Effects of the BP Oil Spill

Jan 30, 2014 by

It seems that one of the effects of the BP oil spill is the inability of the judicial system to decide whether the terms of the Economic and Property Damage Class Action Settlement Agreement should be reviewed of not. BP is the principal operator of the Deepwater Horizon oil rig which exploded in April 2010, spewing millions of barrels of oil into the waters of the Gulf of Mexico. It has been described as the worst environmental disaster in the history of the petroleum industry.

After a panel of judges of the 5th Circuit of the Court of Appeals decided to uphold the December 2012 ruling of Judge Carl Barbier that qualifications for businesses making an oil spill economic loss claim against the settlement did not have to show causation, a different set of judges decided the opposite. Arguments and motions from the lawyers of both BP and the plaintiffs have since been filed, leaving claimants wondering just what side will prevail in the matter. Only time will tell.

A new development on the criminal side of the whole sorry mess is the upcoming trial of former BP engineer Kurt Mix. Mix was first arrested for criminal charges in April 2012, two years after the oil spill. He stands accused of two counts of obstruction of justice by intentionally deleting text and voice mail messages pertaining to estimates of the amount of oil that was at that time still spilling from the oil rig. More former BP employees are scheduled for criminal prosecution. Concealing or interfering with any sort of evidence is a crime. Depending on the severity of the obstruction, individuals may end up serving up to five years in prison for tampering or hiding evidence. Other crimes dealing with drugs may send a person to jail for 40 years if evidence has been tampered or hidden.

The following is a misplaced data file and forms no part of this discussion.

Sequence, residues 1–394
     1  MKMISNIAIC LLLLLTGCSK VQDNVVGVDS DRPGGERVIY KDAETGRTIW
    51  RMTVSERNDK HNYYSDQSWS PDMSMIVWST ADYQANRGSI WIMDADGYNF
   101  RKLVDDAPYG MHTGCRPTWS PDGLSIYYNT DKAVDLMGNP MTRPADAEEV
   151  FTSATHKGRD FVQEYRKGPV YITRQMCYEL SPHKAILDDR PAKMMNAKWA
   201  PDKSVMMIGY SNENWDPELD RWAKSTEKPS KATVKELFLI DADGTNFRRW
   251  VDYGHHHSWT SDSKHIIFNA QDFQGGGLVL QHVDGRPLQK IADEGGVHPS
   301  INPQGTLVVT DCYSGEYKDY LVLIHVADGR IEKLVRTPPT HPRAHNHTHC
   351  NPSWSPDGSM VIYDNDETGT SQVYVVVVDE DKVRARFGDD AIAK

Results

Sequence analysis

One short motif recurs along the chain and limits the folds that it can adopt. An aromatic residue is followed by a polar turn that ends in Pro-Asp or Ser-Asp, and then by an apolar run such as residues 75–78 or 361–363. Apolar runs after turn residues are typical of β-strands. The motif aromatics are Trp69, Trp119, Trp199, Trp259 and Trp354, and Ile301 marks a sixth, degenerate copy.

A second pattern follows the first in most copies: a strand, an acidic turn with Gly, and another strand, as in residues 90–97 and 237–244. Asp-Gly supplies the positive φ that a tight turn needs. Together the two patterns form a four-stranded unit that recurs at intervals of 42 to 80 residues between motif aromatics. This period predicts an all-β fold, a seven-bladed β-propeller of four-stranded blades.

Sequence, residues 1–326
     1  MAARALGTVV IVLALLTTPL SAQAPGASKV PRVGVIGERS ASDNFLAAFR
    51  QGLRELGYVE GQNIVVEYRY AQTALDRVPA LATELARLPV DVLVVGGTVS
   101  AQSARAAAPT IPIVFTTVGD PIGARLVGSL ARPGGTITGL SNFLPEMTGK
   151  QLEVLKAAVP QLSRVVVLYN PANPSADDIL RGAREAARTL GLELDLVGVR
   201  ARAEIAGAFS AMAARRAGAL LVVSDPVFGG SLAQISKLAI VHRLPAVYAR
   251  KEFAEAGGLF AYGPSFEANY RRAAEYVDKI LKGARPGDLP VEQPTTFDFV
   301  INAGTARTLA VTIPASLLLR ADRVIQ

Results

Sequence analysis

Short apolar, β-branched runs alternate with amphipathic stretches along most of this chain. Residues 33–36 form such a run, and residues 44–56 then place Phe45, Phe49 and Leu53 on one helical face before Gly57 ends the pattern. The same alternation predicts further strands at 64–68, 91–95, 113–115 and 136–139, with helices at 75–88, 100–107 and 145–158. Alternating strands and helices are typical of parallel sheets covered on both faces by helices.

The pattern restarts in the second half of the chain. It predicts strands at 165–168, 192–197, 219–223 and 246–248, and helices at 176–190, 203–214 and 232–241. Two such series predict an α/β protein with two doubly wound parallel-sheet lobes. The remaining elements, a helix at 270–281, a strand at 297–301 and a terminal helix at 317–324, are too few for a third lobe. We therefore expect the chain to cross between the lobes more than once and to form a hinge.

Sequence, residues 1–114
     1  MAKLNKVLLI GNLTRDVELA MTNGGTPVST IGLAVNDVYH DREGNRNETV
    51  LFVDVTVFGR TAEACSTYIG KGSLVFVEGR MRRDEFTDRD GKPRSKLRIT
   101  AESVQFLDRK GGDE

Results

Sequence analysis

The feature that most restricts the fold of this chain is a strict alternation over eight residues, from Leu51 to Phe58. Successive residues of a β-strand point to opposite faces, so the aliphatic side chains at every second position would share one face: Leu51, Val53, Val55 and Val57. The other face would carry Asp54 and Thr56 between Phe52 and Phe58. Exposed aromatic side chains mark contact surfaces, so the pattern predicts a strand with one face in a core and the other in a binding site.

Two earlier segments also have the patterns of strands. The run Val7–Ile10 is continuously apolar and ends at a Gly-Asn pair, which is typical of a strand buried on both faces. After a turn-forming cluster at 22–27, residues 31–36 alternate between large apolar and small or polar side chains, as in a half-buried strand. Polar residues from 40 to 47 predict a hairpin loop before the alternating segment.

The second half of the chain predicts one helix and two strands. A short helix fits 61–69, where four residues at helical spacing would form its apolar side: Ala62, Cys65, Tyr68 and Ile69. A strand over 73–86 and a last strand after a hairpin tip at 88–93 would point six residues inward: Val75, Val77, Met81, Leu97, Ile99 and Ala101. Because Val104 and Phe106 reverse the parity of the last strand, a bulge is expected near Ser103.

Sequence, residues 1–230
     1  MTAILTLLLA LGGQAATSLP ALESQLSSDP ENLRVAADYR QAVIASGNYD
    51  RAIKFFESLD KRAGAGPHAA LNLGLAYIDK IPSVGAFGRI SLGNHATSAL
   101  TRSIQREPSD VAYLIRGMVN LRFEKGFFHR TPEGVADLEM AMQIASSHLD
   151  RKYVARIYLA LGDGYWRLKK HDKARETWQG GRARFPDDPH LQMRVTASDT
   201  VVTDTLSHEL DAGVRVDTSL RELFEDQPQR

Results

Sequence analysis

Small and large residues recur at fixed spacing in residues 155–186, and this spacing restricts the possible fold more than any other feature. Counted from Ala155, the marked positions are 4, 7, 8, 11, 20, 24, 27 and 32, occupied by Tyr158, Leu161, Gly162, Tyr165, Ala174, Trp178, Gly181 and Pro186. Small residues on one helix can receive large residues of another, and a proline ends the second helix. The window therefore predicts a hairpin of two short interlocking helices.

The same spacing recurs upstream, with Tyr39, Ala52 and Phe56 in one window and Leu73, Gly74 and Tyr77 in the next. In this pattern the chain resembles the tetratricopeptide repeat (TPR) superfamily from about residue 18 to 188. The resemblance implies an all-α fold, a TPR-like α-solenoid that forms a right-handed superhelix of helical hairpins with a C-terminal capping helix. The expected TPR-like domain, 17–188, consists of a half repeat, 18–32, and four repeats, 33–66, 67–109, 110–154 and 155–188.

Despite these developments on the legal and criminal front, the adverse environmental and health effects of the BP oil spill continue to linger in the affected areas on the Gulf of Mexico for which there is no quick solution or clever argument. The best that the victims can do is to hope to get some compensation to help them get back on their feet. Legitimate claimants may get some relief by filing a claim outside the Settlement. Consult with an experienced BP oil spill attorney to more fully explore your options.

 

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Trends in Hair Coloring

Jan 28, 2014 by

About three-fourths of women in America have hair coloring treatment done at one time or another. It has become so prevalent that in 1968 the U.S. government ceased to require passport holders to put down their hair color.  For some it is a way to conceal gray hair or discoloration from other hair treatments; for others it is a fashion statement. Whatever the reason, it has been a practice that has its roots in ancient times.

Evidence of the practice of hair coloring using henna (a plant-based dye) by Egyptians to darken the hair was found by archeologists as far back as 1500 BC. Hair color has always been considered an important status in history. Red was considered to be both socially and culturally significant, while in other eras, blonde was considered de rigueur, although the color also had far from flattering implications. There is supposedly and actual study conducted with a $51,000 grant that attempted to prove whether blondes were actually dumb; results were not available. Today, the trends are far more eclectic, the choice depending more on how well it goes with the skin color than what is the most popular.